As with any method to help a child, the main thing to remember is to be patient. Remind your child that struggling with reading comprehension is merely a facet of processing information, and not of intelligence. Like all subjects, any child can get better at it with practice.
The best thing you can do is try to bring the areas your child is struggling in into daily life. Take it “out of the classroom” and give it real world context. You can test comprehension on a movie, or an episode of a cartoon. If they are watching the half-time analysis of a basketball game, you can ask them to summarize the main points. Make it fun and relevant to your child and you will see them develop the skills they need to succeed in school.
Many of the habits that we carry throughout life, for better or for worse, are developed in childhood.
American philosopher William James wrote, “Could the young but realize how soon they will become mere walking bundles of habits, they would give more heed to their conduct while in the plastic state.”
But what does a child know about these matters? They can’t possibly know what they’re getting themselves into. They merely observe their environment and adapt accordingly from a very early age. In fact, research has established that many fundamental processes that have to do with thinking, reasoning, and learning are present and fully functioning at birth or develop by the time a child is 4-5 years old (Goswami, 2008).
As parents, we need to help inculcate good learning habits in our children. It’s not only about doing their homework every day, which is no doubt important, but also about how they learn. After all, homework will one day end, but learning never does, and developing a positive attitude towards learning is paramount for them to have a successful life.
Habits form early in a child
Habits form and get entrenched in the human brain automatically based on an individual’s environment unless there is a conscious effort to shape them.
Once habits set, they are very difficult to break, because repeat habits set up a dopamine release loop in the brain which creates a feeling of pleasure and strengthens the habit.
When it comes to kids, you need to catch them while they’re young—research shows that children develop habits by age 9.
But that doesn’t mean you should wait until you think they know what you’re talking about. Kids pick up on more things than we realize, and as mentioned above it starts from an early age.
While study habits can be built later in life, start with teaching your kids self-control. Research has shown that children who learn self-control at an early age are set up for more success later in life. Children who exhibit tendencies like impulsivity, aggression, and hyperactivity struggle emotionally, socially, and academically throughout life (Spira & Fischel, 2005).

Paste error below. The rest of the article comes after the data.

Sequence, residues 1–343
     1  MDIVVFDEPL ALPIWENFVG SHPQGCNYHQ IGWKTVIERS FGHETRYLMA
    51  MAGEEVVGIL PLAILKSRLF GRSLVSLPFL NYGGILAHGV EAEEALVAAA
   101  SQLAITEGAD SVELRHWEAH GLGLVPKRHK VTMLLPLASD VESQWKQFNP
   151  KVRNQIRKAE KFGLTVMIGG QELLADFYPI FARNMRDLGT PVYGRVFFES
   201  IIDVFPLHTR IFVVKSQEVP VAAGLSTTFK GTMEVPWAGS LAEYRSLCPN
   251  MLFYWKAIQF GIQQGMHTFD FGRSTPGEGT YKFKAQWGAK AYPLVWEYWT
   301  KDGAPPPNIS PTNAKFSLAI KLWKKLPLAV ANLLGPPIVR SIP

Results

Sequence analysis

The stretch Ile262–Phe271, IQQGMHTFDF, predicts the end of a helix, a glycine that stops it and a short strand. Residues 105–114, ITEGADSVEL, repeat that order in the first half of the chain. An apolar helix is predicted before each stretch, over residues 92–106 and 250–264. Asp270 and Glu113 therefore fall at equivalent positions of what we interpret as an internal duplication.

However, this post is going to focus specifically on developing successful learning habits in young school-going children.
Habits take time to develop consciously
It’s a popular internet-fuelled belief that it takes 21 days to form a habit. But a study out of University College London suggests that the truth is not so simple.
While the 21-day rule may be applicable for simpler habits, like drinking a glass of water after breakfast, a more complex routine can take the better part of a year to cement itself.
As you work with your children to develop the following habits, understand that it will probably take some time for them to stick. Forming a habit isn’t easy, but once the initial inertia is overcome your child will benefit from it for the rest of their lives.
Now let’s get into the 7 essential learning habits that every child should develop.
1. Designate a study area for your child
Help your child create a study area, a place that is dedicated to school work and projects. As they become habituated to this space, it will help set the tone for concentration and productivity.
The “real” study area is, of course, in their mind. The ability to dip into and out of “focus mode” will serve them immensely later in life.
2. Keep short breaks between bursts of concentration
Sometimes referred to as the “Pomodoro technique”, this famous and well-loved productivity technique recognizes that the human brain cannot focus for too long without getting exhausted. It’s just nature.
Instead, your child can focus for a long period, typically around 25 minutes, followed by a short break of 5 minutes to allow the brain to rest and recuperate for the next burst of concentration. After 3-4 cycles like this, a longer break of usually 15 minutes follows.
Having to sit and concentrate for hours together can feel like a daunting task. This method, among other things, tricks the brain by setting a shorter time limit. 25 minutes doesn’t seem quite as long as 2 hours, so it doesn’t feel as daunting. The short break then rejuvenates the mind and makes it easy to keep going.